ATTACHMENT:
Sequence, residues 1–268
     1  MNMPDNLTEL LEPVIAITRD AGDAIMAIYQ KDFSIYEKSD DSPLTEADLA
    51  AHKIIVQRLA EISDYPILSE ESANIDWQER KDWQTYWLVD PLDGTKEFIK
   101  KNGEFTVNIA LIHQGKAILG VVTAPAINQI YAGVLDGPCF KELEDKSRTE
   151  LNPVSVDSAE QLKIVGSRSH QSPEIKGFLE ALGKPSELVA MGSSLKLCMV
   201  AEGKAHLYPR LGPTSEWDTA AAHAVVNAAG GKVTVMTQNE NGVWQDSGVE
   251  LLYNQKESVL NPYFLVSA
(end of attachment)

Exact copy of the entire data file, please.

Sequence, residues 1–268
     1  MNMPDNLTEL LEPVIAITRD AGDAIMAIYQ KDFSIYEKSD DSPLTEADLA
    51  AHKIIVQRLA EISDYPILSE ESANIDWQER KDWQTYWLVD PLDGTKEFIK
   101  KNGEFTVNIA LIHQGKAILG VVTAPAINQI YAGVLDGPCF KELEDKSRTE
   151  LNPVSVDSAE QLKIVGSRSH QSPEIKGFLE ALGKPSELVA MGSSLKLCMV
   201  AEGKAHLYPR LGPTSEWDTA AAHAVVNAAG GKVTVMTQNE NGVWQDSGVE
   251  LLYNQKESVL NPYFLVSA